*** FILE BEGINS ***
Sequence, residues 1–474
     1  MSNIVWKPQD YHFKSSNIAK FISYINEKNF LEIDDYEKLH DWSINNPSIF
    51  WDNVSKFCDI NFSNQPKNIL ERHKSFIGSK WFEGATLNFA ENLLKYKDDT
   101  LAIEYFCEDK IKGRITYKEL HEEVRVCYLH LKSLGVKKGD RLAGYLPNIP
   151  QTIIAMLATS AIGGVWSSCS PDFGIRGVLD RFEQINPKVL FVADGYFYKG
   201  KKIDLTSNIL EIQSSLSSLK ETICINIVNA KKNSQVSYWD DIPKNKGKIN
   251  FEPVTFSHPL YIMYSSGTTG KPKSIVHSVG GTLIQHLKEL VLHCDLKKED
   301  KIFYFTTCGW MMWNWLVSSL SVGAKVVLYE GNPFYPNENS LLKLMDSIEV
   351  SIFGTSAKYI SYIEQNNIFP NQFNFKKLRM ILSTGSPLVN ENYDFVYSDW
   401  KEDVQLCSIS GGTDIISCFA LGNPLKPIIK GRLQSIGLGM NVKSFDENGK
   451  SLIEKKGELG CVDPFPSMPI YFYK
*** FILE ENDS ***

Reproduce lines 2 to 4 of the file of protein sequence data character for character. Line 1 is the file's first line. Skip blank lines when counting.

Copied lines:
     1  MSNIVWKPQD YHFKSSNIAK FISYINEKNF LEIDDYEKLH DWSINNPSIF
    51  WDNVSKFCDI NFSNQPKNIL ERHKSFIGSK WFEGATLNFA ENLLKYKDDT
   101  LAIEYFCEDK IKGRITYKEL HEEVRVCYLH LKSLGVKKGD RLAGYLPNIP